Anybody reading headlines in the business press will have noticed that in photovoltaics, there's a whole lot of shaking out going on. Three significant U.S. manufacturers have gone under in the last month: Solyndra, Evergreen Solar, and SpectraWatt. Solyndra, a major beneficiary of U.S. government support, suffered the added indignity of having its offices raided by the FBI shortly after it announced bankruptcy.
The difficulties facing solar companies are not hard to identify. Heavily subsidized, low-cost Chinese producers have penetrated global markets in a big way, driving prices for basic polysilicon modules sharply down. That translates into problems not only for North American and European makers of basic polysilicon cells, but also competing technologies.
Solyndra, which was developing a novel tube technology, just couldn't get it to market at low enough prices to compete. The U.S. and German developers of what's to be a really major concentrating solar power project in Blythe, California, have announced that the first half gigawatt of installed solar will be generic polysilicon rather than high-end concentrating PV cells. First Solar, which has boasted a breakthrough thin-film technology, has seen its share prices drop more than 60 percent in the last three years and now is getting into project development and engineering, procurement and construction.
Vertically integrated companies like California's SPI Solar and China's Yingli Solar are doing well--but often under conditions that send eyebrows jumping.
SPI, working with KDC Solar and LDK Solar, announced in August that it would build a 9.7 MW photovoltaic generator for the New Jersey subsidiary of a major pharmaceutical company; Yingli said it would supply 10 MW of PV generation for a New Jersey installation that will be "the largest non-utility owned solar intallation east of the MIssissippi River."
Solar projects in New Jersey, as it happens, boast the highest rates of return of any such projects in the world. Analysts at Lux Research found that because of New Jersey's hugely generous Renewable Energy Credit prices, solar rates of return are 40 percent and above in the so-called Garden State. Next comes Portugal, followed by Australia, Italy, and India. In Germany, with China and the United States a major solar producer, rates of return will be in the vicinity of 22 percent out to 2016, Lux predicts.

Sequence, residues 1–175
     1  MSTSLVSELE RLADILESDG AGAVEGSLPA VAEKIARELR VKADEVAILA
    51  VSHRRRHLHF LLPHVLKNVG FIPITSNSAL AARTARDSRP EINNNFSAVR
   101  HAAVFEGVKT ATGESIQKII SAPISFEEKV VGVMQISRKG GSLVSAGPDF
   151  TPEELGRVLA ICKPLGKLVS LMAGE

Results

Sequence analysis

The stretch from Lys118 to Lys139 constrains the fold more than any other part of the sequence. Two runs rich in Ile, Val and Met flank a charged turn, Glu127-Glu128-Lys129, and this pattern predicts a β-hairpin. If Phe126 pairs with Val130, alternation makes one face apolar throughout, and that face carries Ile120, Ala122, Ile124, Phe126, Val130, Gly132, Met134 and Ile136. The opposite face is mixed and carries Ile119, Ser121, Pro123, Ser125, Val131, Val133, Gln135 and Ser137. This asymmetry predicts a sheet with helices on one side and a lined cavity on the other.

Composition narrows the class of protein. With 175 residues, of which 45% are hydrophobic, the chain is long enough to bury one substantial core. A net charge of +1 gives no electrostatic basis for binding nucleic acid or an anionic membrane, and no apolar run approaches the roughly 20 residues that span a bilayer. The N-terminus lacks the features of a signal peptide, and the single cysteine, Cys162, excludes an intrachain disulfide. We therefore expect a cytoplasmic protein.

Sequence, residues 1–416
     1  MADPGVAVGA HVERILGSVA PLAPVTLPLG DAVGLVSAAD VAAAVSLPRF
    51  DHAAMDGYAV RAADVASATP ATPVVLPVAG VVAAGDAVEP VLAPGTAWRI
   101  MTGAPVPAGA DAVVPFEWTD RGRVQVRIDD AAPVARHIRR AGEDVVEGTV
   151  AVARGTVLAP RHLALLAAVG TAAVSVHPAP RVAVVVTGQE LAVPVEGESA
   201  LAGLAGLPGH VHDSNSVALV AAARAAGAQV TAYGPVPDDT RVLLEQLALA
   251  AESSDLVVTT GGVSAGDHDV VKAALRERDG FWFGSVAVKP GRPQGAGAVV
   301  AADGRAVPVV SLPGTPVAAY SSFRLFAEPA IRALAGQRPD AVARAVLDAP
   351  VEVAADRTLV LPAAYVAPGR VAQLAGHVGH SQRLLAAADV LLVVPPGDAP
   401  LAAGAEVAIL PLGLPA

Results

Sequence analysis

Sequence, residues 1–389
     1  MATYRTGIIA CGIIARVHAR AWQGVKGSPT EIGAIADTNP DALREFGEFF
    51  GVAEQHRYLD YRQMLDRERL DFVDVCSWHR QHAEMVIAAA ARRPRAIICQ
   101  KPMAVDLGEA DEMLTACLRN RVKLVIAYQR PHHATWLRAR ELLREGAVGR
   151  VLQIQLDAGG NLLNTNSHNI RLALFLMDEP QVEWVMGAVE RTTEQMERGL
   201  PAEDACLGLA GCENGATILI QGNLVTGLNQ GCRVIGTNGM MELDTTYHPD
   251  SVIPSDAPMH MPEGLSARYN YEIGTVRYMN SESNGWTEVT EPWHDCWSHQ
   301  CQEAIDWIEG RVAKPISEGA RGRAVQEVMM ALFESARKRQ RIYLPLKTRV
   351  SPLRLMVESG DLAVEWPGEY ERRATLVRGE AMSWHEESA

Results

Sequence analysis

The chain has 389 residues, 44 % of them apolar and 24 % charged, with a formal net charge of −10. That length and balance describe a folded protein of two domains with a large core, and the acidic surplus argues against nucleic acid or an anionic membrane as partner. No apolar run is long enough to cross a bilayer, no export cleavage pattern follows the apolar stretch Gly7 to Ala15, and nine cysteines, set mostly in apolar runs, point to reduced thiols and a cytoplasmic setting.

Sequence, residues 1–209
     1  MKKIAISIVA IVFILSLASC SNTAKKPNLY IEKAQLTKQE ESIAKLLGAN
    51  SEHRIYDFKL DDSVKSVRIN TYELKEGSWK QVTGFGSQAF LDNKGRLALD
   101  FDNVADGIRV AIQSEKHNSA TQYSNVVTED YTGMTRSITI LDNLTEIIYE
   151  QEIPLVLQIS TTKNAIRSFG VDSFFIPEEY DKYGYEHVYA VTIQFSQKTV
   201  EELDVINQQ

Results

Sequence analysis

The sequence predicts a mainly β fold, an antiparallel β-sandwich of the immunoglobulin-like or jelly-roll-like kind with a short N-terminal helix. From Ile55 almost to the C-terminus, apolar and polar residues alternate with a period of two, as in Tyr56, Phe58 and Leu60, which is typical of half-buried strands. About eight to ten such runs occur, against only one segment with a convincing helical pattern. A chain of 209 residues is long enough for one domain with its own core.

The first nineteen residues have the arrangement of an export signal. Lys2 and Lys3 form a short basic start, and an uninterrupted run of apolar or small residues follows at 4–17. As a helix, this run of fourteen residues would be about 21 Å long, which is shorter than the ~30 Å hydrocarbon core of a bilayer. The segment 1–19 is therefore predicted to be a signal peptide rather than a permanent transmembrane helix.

In light of the unsustainable subsidies benefiting solar energy, instabilities in the industry, and the steep learning curve it has to climb, projections of profitability are to be taken with big grains of salt. (I beg the reader's pardon: In a situation so riddled with what economists call "market distortions," resort to business journalism cliches is unavoidable.) Only in the last couple of years, as solar construction has boomed, have people begun to notice things you might have thought would be obvious.
Two years ago, Google issued a report on solar module performance, based on operation from 2007 of a California PV installation that at that time was the largest single one in the world. Among the findings: large solar arrays tend to get dirty and sometimes need to be cleaned; specifically, tilted arrays get washed pretty well by rains, but horizontal arrays do not; in the arrays that need washing, cleaning can double their electrical output.
With the industry still digesting rudimentary lessons like that, obviously there is a great deal more to be worked through. Meanwhile, in countries like Germany, Spain and the United States, the domestic solar industries that were meant to benefit from government subsidies will continue to see Chinese competitors eat their lunch--at least until their remarkably slow-witted political leaders do something about it.